Why trees matter in medicine?

BIGGER PICTURE: Why trees matter in medicine?

Why there is so much ado about trees?  Everyone knows trees are utilized in building houses, making bridges and furniture, and cooking foods.  In some instances, the fruits provide food for the hungry.

But there’s more to trees than wood and food.   Tropical forests, from which most of the useful trees grow, are what Professor Norman Myers considers as “the finest celebration of nature that has ever graced the face of the planet.”

“Their biotic diversity is legendary,” says Prof. Myers, a British environmentalist specializing in biodiversity who has been a consultant to several United Nation agencies, the World Bank, and other organizations. “A single bush in Peru, for instance, may feature as many ant species as there are in the British Isles.”

In the Philippines, the Mount Makiling Forest Reserve in Los Baños, Laguna is described as “an exceptional diversity of woody plant species, totaling more than the entire number of woody species found in the United States.”

Perhaps, doctors and other health professionals should take a closer look at the forests since they provide medicines for people who are sick.  “Nearly 90% of human diseases known to medical science can be treated with prescription drugs derived from nature,” notes Dr. Paul Torrence, an Emeritus Professor of Chemistry and Biochemistry at Northern Arizona University. “The benefits to humanity of nature-derived medicines are incalculable in terms of longevity, relief of suffering and increase in the quality of life.”

According to the Environmental Magazine, some 120 prescription drugs sold worldwide today are derived directly from rainforest plants. The U.S. National Cancer Institute (NCI) reported that more than two-thirds of all medicines found to have cancer-fighting properties come from rainforest plants.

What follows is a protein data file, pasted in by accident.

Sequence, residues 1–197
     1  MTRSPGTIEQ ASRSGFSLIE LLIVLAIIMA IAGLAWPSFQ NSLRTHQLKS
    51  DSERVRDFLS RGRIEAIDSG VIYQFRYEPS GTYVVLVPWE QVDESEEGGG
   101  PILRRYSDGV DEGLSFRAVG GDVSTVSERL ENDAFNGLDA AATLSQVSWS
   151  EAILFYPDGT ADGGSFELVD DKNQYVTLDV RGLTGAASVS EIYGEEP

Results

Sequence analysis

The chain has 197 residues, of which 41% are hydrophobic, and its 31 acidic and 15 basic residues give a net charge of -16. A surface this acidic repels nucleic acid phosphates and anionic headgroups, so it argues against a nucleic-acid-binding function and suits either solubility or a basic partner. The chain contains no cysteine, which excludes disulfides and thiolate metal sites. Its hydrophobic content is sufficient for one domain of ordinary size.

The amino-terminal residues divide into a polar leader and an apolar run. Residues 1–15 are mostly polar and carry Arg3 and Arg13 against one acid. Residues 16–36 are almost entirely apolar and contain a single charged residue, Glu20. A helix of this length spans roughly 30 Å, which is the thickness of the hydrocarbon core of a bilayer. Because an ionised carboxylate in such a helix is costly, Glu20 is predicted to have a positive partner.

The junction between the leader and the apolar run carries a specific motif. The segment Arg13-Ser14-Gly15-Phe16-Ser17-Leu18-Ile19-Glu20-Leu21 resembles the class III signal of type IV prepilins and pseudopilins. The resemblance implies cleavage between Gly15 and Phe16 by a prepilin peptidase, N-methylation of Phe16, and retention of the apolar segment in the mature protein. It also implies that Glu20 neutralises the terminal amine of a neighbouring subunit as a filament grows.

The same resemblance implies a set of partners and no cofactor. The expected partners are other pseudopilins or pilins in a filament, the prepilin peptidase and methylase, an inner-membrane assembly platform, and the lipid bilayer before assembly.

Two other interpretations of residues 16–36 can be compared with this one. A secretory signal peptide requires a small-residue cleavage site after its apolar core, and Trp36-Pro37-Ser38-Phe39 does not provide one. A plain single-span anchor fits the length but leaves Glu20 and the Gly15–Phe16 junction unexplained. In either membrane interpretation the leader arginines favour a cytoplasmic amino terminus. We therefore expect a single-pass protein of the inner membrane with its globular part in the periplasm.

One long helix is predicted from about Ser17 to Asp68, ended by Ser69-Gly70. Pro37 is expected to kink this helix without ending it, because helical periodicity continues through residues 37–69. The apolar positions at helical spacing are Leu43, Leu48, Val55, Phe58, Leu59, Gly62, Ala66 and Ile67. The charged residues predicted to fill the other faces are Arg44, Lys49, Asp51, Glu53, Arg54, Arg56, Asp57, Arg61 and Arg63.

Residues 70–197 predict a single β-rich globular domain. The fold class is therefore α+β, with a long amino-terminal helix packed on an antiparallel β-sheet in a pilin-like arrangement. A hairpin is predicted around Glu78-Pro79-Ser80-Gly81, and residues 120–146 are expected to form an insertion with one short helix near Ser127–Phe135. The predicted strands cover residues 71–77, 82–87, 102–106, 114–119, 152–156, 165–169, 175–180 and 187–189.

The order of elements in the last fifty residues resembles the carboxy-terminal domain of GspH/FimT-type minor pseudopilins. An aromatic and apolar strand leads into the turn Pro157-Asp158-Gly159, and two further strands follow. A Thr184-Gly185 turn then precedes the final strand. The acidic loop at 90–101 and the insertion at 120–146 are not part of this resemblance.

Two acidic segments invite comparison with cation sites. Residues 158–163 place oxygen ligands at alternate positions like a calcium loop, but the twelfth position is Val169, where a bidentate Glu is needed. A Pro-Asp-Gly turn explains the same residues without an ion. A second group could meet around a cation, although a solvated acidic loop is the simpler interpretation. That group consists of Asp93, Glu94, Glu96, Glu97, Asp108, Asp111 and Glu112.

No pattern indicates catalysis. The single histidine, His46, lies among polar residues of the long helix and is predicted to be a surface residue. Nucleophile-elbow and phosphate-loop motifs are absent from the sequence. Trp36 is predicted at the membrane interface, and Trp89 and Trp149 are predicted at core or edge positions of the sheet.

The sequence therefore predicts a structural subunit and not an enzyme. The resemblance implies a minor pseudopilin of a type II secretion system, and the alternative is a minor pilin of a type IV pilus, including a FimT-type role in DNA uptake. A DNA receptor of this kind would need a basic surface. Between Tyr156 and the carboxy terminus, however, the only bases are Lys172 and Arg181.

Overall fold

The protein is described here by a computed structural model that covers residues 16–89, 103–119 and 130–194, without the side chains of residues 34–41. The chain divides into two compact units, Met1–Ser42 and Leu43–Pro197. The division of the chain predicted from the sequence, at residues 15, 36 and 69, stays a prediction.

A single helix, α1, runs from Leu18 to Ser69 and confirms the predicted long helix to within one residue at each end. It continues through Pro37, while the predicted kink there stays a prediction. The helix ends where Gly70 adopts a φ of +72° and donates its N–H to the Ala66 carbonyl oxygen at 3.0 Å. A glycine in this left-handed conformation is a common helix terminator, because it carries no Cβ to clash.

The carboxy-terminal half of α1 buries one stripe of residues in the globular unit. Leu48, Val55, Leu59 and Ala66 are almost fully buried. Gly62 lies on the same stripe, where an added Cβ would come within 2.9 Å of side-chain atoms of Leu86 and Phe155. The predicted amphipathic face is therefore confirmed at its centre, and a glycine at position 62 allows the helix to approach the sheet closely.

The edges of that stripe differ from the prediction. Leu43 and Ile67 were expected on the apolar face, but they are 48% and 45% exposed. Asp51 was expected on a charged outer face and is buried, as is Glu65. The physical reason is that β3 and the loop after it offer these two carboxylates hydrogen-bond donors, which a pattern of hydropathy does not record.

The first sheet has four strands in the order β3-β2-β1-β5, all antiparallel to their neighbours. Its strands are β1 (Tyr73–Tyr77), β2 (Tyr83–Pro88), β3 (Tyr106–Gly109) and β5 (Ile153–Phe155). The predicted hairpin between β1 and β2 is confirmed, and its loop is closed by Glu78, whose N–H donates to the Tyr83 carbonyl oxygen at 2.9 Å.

Examples abound.  “One of the biggest breakthroughs against cancer in recent decades has stemmed from the Madagascar periwinkle (Catharanthus roseus), the source of two potent drugs used against leukemia and Hodgkin’s disease,” Prof. Myers writes.

It has been reported that the ingredients obtained and synthesized from a now-extinct periwinkle plant have increased the chances of survival for children with leukemia from 20% to 80%.  The NCI believes tropical rainforests may well contain “at least ten further plants with similar potential against cancer.”

There are also compounds derived from rainforest plants that are now used to treat malaria, heart disease, bronchitis, hypertension, rheumatism, diabetes, muscle tension, arthritis, glaucoma, dysentery and tuberculosis, among other health problems.

“We cannot imagine a world without antibiotics such as penicillins, cephalosporins, doxycycline, or erythromycin, without pain relievers, without muscle relaxants, without oral contraceptives, without cancer drugs like Taxol, without blood pressure lowering drugs like lisonopril, without digoxin for heart failure, without local anesthetics, and without anticoagulants like coumarins for thrombosis,” Dr. Torrence points out.